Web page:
How would YOU escape?

You’re in a German POW camp in the middle of WWII. Would you try and escape? If so, how?

Myself, I would get my hands on some material sililar to that of the German Coat. I would wear that, then dig a small tunnel into the German part of the compund. I would surface at night, and risk walking straight out the main gate, hoping the guard would mistake me for rugged up German officer. If I was stopped and asked questions, I’d give up.

POW’s were known for their ingenuity for escape attempts. Do you have an idea that’s never been thought of? I am compiling a webiste based on POW escapes so post to this thread anything useful.

I suppose that means you have never seen Hogan’s Heroes. You could easily escape at any time because the guards are so incompetent.

I would try to sleep with a guard and see if he would let me out for that. If not I would sleep with him again and chop off his testicles with my teeth then I would skip gaily out of the compound. :slight_smile: It works in my fantasy land.


I assume you’ve read the classic escaes books that have been mentioned in other threads – Paul Brickhill’s “The Great Escape”, Eric Williams’ “The Wooden Horse”, Pat Reid’s books on Colditz, and a great many others.

For the record, dressing up in German Uniforms has ben done. Brickhill describes it in loving detail in his book. The beautiful part as that they got a LOT of men out this way, with only two uniforms and no tunnelling – the two prisoners dressed up as German guards (with forged documents and ersatz guns (a big detail – see the book) escorted a company of POWs who were NOT dressed up – they were ostensibly being taken for “delousing”. Once out of sight, they scattered. (Unfortunately, the next group to try it was caught at the gate, so the alarm went out immediately, and all were taken.)THAT is an extremely clever escape – not as flashy as the glider they built in Colditz, or as monumental as the tunnels out of Stalag Luft Drei, but economical and efficient.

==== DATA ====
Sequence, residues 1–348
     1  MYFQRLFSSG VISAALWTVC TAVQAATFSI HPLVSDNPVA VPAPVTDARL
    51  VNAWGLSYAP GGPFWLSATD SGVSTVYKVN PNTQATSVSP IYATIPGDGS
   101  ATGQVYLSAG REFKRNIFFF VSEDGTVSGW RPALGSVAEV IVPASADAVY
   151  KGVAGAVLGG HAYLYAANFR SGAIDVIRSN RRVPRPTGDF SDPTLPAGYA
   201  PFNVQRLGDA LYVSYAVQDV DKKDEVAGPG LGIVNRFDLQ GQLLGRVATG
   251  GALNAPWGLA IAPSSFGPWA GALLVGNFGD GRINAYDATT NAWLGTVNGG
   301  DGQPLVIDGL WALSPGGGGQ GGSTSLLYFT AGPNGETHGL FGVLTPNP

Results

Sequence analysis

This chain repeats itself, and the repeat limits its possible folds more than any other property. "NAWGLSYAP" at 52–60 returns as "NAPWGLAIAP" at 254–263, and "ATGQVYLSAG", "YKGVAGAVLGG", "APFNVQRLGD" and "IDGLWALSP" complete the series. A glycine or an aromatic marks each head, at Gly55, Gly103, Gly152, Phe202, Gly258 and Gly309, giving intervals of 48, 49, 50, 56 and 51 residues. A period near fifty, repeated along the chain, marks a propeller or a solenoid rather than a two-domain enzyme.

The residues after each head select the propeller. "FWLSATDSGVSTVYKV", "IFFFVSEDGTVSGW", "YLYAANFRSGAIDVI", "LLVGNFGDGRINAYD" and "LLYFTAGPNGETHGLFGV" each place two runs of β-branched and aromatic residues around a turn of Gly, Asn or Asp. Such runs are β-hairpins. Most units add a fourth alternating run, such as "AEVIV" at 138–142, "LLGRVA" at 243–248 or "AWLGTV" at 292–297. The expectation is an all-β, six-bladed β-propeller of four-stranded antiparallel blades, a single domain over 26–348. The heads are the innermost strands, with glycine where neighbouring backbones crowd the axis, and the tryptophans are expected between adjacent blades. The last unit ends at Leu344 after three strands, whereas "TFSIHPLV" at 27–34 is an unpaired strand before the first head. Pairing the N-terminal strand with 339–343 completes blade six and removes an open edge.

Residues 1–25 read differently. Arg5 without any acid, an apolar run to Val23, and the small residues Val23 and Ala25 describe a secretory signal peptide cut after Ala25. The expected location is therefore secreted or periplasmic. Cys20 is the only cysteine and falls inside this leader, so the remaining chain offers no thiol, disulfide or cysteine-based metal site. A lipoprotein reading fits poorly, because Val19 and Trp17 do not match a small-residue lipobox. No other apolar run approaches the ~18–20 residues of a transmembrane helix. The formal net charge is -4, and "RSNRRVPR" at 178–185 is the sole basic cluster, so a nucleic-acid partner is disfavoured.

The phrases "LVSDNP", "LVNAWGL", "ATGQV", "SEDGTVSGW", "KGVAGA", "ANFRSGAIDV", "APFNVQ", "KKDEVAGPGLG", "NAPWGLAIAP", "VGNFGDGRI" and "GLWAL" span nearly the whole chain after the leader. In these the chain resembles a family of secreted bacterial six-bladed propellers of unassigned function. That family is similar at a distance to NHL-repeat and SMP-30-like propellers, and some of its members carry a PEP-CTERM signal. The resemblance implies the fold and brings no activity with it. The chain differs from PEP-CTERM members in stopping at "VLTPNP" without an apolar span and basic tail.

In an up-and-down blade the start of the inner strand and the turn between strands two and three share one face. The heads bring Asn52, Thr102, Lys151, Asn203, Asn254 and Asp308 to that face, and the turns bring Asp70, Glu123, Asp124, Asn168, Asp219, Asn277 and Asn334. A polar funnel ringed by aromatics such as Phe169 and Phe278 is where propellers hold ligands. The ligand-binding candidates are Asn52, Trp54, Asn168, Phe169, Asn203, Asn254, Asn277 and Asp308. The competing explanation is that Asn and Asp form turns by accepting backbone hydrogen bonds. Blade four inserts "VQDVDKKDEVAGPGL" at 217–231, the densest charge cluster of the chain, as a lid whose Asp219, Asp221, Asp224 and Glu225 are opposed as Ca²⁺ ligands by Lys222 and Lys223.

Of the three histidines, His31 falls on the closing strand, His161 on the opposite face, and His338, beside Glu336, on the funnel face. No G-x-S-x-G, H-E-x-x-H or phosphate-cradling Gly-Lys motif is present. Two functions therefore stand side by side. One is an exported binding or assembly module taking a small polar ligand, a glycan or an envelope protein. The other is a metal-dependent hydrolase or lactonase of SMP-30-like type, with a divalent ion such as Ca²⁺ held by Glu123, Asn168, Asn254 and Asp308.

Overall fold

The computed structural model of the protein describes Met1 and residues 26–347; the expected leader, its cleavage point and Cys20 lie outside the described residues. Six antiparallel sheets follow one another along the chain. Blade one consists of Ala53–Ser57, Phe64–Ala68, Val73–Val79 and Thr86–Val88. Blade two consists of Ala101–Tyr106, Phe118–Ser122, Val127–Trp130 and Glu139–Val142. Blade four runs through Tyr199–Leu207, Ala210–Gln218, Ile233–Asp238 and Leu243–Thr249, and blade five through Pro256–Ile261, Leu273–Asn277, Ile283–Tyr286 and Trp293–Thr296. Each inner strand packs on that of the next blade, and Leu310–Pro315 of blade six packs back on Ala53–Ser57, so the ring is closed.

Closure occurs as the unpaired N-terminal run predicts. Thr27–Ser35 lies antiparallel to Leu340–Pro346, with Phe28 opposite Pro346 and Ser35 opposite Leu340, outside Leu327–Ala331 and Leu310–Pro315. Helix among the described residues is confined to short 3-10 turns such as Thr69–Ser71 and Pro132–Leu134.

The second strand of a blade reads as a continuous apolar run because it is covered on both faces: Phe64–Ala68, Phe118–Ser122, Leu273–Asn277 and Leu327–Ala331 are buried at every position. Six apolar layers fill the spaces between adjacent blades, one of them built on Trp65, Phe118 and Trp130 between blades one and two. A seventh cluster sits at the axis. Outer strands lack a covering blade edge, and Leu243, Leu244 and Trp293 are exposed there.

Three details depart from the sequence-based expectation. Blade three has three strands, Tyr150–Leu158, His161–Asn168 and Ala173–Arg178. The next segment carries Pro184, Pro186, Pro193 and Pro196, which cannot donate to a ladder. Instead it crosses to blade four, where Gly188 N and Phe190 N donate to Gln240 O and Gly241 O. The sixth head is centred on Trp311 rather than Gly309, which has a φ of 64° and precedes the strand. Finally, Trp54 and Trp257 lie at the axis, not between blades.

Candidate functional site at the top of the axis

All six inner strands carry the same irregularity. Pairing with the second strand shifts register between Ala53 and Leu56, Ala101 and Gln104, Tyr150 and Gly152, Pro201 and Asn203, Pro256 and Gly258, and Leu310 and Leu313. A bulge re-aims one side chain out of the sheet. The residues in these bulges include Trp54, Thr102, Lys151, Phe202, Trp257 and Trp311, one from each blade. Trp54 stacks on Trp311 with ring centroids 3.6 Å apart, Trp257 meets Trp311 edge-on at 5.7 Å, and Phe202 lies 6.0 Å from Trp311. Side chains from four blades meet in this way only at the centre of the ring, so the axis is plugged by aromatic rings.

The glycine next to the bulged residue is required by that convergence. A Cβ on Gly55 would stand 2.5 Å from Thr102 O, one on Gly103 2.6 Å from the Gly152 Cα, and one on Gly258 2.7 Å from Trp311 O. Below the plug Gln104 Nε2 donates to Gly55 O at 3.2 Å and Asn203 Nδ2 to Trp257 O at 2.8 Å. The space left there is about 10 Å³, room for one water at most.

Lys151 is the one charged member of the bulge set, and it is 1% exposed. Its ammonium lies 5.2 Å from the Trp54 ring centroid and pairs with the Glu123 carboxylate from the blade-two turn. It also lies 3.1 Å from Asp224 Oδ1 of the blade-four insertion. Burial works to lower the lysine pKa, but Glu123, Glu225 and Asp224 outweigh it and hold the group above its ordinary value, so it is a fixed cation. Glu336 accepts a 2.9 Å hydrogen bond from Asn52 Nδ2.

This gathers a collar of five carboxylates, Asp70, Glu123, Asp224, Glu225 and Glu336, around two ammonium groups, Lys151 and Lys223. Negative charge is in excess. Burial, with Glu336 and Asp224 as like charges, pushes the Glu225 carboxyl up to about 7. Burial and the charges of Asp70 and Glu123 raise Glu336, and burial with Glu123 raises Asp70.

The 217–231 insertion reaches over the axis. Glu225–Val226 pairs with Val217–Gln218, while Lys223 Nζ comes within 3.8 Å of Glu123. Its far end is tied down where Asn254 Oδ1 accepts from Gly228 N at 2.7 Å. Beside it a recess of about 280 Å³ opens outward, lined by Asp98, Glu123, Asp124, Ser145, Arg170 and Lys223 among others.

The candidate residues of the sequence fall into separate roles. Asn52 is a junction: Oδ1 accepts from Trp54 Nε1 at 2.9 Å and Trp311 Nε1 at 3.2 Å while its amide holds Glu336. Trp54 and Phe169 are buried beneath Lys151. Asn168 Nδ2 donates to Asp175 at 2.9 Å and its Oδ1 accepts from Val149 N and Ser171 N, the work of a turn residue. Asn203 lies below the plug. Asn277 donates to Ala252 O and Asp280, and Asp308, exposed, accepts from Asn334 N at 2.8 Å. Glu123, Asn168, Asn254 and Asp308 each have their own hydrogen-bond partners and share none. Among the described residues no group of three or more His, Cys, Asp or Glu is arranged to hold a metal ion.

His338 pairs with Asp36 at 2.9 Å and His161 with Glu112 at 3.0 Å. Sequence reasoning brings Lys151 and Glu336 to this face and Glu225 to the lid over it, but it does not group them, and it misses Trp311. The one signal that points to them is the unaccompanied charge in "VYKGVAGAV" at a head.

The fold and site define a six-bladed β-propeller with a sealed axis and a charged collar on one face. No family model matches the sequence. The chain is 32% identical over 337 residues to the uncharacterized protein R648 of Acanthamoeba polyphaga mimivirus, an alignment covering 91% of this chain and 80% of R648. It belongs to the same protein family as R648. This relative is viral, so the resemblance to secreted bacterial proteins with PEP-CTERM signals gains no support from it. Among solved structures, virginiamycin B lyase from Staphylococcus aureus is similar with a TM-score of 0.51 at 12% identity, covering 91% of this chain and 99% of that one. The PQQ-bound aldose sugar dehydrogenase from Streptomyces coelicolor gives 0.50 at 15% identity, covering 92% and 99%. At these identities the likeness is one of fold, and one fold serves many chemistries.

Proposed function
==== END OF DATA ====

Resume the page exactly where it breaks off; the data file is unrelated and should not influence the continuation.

For questions of this sort, I always refer to the master (you’ll have to read it yourself to see how it’s accomplished):

"Lock me in any cell in any prison anywhere at any time, wearing only what is necessary, and I’ll escape in a week…

"I should like to make three small requests. You may grant them or not, as you wish…

"I should like to have some tooth powder – buy it yourself to see that it is tooth powder – and I should like to have one five-dollar and two ten-dollar bills.

“And I should like to have my shoes polished.”

– Jacques Futrelle, “The Problem of Cell 13”

I would build a giant flying chicken with a ramp…

Well, I guess gaily is the most important word in this whole scenario, isn’t it? :smiley:

You slay me! ROFL!

Here’s a thread which will give valuable info:

POW Escapes

There were three ways to get out of a Stalag or Oflag: over the wire (most risky); through the wire; or under the wire.